Thursday, July 14, 2011

Gulliver's Travels

I was feeling so refreshed after Sense and Sensibility that I decided another light-hearted choice was in order. Unfortunately, I thought Gulliver's Travels would fit the bill.  A shipwrecked castaway lands in Lilliput, a land of tiny people. Plus, it's a satire of Robinson Crusoe-style travelogues. That's funny, right? Sure, for about twenty pages. After that, it's repetitive. And did I mention it's also a religious and political satire? That might be amusing, or at least illuminating, for someone who hasn't already analyzed the flaws of various political systems and the petty religious disagreements that plague societies. But for someone as bombastically fantastic as me, well... ha! I sound like Gulliver in Lilliput!
     Okay, Jonathan Swift had a great idea.  I do enjoy the fact that he lampoons pretty much everything, but it got old after a while.  Also, Gulliver's development from an optimistic humanist into a pompous misanthrope (I stole that phrase because it's perfect) seemed unnecessarily cynical. There's a difference between accepting people with all their faults and assuming from the outset that every human is horribly degraded, although in 1726 that outlook was probably par for the Protestant course...and also par for the Irish course.  Perhaps Swift (an Anglo-Irish protestant) can be excused due to his double dose of environmental pessimism.
      My linguistics nerdiness also found the names of his imaginary countries to be irksome. All the words were English nonsense, following the phonological and morphological rules of English.  It would have been more plausible had he created words inspired by other languages.  While of these sounds more like a foreign country: Glubbdubbdribb or Ngokumbu? Brobdingnag or Zhao Shang? Luggnagg or Schnezitskoya? And I bet you can guess which continents would be likely to contain Ngokumbu, Zhao Shang and Schnezitskoya, respectively.  Still, Swift's purpose was to lampoon his own culture and not others, so I can see why he would choose English-based names at the expense of realism.  Actually, considering that he has Gulliver explore lands of minute humans, talking horses and flying islands, he obviously wasn't too concerned about realism in the first place. And lest you think I disapprove completely of all his invented words, I am quite grateful to Jonathan Swift for giving us English-speakers the word yahoo.  English is known for its belief that it's impossible to have too many synonyms for one thing.  I, for one, am especially emphatic that it is impossible for English to have too many synonyms for barbarian.  On those days when your children are wilder than philistines, and such epithets as huns, savages, beasts, boors, and feral spawn have lost their magic, you can always resort to... yahoo.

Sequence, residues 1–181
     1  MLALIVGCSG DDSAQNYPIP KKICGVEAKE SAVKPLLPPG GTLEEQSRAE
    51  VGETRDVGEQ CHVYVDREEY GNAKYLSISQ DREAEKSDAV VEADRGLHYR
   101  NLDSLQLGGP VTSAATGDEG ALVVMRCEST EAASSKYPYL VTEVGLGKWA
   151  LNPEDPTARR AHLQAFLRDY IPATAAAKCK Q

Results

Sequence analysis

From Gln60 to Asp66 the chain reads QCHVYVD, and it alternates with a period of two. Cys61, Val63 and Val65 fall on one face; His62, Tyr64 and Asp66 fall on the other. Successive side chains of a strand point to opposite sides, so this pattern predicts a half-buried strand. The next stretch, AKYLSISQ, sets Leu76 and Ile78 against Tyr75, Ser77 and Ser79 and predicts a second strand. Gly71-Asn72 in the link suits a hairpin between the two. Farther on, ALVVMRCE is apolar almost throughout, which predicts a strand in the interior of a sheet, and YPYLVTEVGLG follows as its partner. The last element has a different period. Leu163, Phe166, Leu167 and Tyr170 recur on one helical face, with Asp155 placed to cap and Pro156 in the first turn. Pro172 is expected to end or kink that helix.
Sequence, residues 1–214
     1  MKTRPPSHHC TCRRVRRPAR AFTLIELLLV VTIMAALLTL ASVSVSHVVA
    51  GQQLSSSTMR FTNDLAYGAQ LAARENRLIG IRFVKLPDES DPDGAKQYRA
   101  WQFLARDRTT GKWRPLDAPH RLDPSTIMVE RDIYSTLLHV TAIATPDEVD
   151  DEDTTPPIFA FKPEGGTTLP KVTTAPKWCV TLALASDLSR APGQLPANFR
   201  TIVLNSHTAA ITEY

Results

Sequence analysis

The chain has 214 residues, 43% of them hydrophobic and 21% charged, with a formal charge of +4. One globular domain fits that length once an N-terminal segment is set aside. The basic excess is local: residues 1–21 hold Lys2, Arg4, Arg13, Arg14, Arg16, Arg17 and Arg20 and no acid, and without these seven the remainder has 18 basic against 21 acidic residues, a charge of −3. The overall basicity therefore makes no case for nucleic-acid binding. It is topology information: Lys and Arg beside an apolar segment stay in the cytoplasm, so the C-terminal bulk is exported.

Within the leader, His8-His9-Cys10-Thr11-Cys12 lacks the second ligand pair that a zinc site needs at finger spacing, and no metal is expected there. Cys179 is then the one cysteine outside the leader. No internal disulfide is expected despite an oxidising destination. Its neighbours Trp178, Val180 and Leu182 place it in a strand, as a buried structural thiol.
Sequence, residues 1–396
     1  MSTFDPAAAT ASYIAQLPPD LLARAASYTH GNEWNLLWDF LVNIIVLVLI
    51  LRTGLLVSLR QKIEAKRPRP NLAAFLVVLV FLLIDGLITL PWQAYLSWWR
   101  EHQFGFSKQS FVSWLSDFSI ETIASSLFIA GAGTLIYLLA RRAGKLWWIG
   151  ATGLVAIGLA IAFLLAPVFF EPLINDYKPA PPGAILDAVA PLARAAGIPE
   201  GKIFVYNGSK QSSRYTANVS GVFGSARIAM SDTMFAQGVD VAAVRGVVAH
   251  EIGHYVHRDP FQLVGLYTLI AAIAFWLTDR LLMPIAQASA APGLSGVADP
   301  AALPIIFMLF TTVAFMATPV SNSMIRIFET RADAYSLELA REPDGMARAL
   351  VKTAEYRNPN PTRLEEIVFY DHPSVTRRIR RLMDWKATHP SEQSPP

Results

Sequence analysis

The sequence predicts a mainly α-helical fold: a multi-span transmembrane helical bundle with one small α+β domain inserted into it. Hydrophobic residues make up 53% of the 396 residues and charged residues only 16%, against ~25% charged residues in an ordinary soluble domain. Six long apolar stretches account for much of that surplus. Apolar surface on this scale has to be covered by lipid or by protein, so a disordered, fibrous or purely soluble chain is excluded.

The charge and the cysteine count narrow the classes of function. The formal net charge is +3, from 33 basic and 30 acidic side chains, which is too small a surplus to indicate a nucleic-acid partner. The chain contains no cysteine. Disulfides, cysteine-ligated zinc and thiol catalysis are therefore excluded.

Hero: Gulliver
Anti-hero: Gulliver
Yes, it's all about: Gulliver
Why must there be so many descriptions of his: bathroom habits
The above is almost as bad as the descriptions of: the giants' bathroom habits
There was a lot of: nonsense, improbability, satire of minor political events from the 1720s which even history buffs  are unlikely to remember today
There should have been more: merciless cutting by the editor
This book makes you want to: stop reading it
This book makes you glad you don't have to: read it again

1 comment:

Debbie said...

Oh, so that's what Gulliver's Travels is about. I only remember this book as the most excruciating read of my college career. Even worse than Faulkner, and that's saying something. And it really didn't help that I only understood .5% of my professor's lectures in that class. 31 years later and I still have nightmares...